When I look at firewalls rule sets maintained by other companies, I often notice the same common mistakes. The one I see most often is potentially the worst. I can speculate on a number of reasons how these rules actually get defined and implemented, but it all comes down to the same thing.  They way traffic is evaluated and processed by a firewall is not always understood correctly.  The result is a rule that looks like this.

The thinking being that the client needs a way to connect to the web server and that the web server needs a way to connect back to the client.  Let me explain why this rule is bad and some of it unnecessary.

Dissecting a Firewall Rule

The very essence of a firewall is to limit or restrict unwanted traffic, it does this by evaluating specific criteria. At its most basic, a firewall rule consists of 5 objects:

  • Source IP address
  • Source Port
  • Destination IP address
  • Destination Port
  • Protocol

For a TCP rule such as HTTP, the following three step handshake applies:

  1. The source or client  is the computer initiating the conversation with a SYN packet. A port is dynamically allocated on the source machine and the request is sent to the destination on the predefined static service port.
  2. The destination or server is the computer receiving the SYN conversation request on the specified static service port. The destination machine sends back a SYN-ACK packet.
  3. The client machine receives the SYN-ACK packet from the destination and sends back a final ACK packet.

This completes the three-way handshake. At this point you have a TCP socket or conversation pair.  During the lifespan of the socket, the port number on the source and destination will not change.  This socket is now a two way pathway or channel through which traffic moves between client and server.

Example scenario

To use a very simple example, let’s look at the firewall rule required to allow a Source or Client machine to request a website from a web-server or destination:

Allow <TCP> <Client IP> <Client port number> to <Server IP> <Server port number>

This would allow the client to initiate the conversation and receive the data back.  There is no need for a second outbound rule to allow the web server to talk back to the client.

This is because there is an existing socket that can be, and is used. It is a reasonable mistake to assume you need a rule to allow the traffic back to the client.  The rules would look like this:

The Inbound rule is correct as it allows for the client to initiate the two way conversation. The outbound rule is not required at all and actually opens up undesired access.  The Managed Server Computers can now initiate connections to the external network and surf the Internet, which is not intended or required.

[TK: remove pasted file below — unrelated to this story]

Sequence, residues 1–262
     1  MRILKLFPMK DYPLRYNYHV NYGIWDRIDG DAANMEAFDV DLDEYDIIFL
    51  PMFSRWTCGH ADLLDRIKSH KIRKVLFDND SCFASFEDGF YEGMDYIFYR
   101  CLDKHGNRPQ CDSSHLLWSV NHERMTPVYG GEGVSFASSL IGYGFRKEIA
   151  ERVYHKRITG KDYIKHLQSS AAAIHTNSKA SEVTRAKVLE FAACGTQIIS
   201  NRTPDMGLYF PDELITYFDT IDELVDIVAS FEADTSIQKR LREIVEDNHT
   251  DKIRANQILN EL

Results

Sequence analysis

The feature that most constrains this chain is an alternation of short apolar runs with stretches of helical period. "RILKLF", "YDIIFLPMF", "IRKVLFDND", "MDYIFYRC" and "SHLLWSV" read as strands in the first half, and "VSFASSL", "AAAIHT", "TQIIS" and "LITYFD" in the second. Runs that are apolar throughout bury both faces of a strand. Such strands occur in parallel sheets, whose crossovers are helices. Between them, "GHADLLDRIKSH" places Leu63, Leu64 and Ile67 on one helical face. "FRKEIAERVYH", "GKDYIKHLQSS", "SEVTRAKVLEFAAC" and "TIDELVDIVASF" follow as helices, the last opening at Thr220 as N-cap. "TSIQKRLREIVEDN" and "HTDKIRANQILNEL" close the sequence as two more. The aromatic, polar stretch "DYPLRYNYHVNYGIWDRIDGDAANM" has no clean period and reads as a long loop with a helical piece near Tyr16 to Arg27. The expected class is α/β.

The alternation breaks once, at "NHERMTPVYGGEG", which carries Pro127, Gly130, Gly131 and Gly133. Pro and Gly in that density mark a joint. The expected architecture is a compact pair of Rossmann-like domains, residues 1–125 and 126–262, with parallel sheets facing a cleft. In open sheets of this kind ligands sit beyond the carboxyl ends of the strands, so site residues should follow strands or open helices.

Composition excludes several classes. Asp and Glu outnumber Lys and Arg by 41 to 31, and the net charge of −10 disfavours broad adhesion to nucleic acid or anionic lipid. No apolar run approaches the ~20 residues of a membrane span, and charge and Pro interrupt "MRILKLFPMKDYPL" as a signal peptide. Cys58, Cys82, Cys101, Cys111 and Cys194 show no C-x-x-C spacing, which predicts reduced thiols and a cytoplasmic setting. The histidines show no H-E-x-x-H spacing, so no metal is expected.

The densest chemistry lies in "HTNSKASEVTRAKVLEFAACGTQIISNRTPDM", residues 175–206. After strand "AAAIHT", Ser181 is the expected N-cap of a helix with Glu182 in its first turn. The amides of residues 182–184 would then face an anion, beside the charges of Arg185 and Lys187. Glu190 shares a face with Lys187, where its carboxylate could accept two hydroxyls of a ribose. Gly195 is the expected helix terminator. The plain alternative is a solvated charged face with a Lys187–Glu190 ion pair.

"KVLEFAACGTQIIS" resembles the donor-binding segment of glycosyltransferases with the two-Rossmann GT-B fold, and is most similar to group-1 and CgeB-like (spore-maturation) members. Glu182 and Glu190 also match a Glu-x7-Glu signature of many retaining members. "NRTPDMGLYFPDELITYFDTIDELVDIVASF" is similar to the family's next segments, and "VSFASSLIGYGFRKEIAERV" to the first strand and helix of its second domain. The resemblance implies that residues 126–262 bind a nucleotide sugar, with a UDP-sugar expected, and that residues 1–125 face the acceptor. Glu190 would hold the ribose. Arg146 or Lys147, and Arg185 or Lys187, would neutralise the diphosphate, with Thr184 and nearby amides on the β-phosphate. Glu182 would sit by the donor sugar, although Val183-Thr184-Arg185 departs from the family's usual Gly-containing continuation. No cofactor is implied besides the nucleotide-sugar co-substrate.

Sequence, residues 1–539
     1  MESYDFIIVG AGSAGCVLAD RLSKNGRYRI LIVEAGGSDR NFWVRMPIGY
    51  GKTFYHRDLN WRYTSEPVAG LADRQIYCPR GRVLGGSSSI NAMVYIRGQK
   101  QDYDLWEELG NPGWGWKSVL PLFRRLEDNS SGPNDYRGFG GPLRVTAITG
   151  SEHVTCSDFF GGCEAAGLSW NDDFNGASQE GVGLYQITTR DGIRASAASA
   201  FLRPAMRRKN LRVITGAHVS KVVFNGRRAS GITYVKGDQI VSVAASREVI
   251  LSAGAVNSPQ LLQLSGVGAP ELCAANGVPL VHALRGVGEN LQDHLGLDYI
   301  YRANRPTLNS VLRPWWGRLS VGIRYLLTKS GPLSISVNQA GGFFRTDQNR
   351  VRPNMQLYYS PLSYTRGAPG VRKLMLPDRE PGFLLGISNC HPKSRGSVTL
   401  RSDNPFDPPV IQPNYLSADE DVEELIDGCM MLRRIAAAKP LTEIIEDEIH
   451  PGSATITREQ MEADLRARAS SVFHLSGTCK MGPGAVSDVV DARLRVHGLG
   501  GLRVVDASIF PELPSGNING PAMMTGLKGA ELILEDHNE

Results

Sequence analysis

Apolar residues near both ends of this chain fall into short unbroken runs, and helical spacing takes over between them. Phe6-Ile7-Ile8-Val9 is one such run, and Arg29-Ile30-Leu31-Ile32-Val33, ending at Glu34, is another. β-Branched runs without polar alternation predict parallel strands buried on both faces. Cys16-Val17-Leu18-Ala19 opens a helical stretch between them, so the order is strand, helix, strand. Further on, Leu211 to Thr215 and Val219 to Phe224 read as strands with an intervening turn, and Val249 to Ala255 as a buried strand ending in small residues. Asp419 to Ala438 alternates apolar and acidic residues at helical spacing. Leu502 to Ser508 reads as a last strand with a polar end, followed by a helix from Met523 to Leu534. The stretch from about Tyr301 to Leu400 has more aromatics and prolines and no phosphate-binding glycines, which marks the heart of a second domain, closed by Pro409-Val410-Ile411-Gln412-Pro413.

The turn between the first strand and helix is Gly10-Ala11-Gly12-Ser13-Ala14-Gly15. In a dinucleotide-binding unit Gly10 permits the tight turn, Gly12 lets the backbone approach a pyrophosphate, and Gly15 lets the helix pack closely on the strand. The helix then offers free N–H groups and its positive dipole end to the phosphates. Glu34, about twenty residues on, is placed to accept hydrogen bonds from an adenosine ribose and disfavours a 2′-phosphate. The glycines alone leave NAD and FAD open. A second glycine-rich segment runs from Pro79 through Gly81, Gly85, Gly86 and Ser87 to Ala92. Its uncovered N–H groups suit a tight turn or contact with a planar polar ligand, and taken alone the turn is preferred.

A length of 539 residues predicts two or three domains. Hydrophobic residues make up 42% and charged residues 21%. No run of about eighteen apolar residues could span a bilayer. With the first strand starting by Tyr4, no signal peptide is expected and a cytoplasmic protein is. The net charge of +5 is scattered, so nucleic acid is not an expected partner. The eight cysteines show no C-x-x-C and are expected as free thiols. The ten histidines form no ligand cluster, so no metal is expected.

Inexperienced administrators may also simply combine the two rules resulting in the first example at the top of this article. In this scenario you actually have the following access:

  • External to Managed Server Computers
  • Managed Server Computers to External
  • External to External
  • Managed Server Computers to Managed Server Computers

This really is not the desired outcome, and this is why it is such a bad access rule.  All that is required is the correct inbound rule to initiate and establish the conversation socket.

When you need bi-directional firewall rules

Of course, bi-direction firewall rules may be required for certain situations when either side needs to initiate a connection.

For example, there may be a requirement for computers in the Managed Servers Computers group to initiate conversations with each other to communicate heartbeat or load balancing information.  If there is no internal route for this traffic, such as servers located both inside and outside the DMZ segment, then a Bi-directional rule is needed

That bi-directional rule firewall, if indeed required, would look like this:

I like the think of these bi-directional rules as symmetrical rules, where the requirement on the source and destination are the same.

Having considered all of the criteria and applying the logic above, the requirements can be met with these two simple rules.

Conclusion

Understanding how traffic flows and is processed by a firewall is very important when requesting or implementing firewall rules.

Extra care should be take when the source and destination are not single computers or IPs as computer groups or network objects can significantly change the scope of the rule.

If are still not sure how a rule will impact your network, break it into multiple rules and track their use (or non-use) with tools such a TMG Reporter or Webspy Vantage.  They are not only great at reporting, they can really help tighten up security rules by giving you full visibility of firewall rule activity.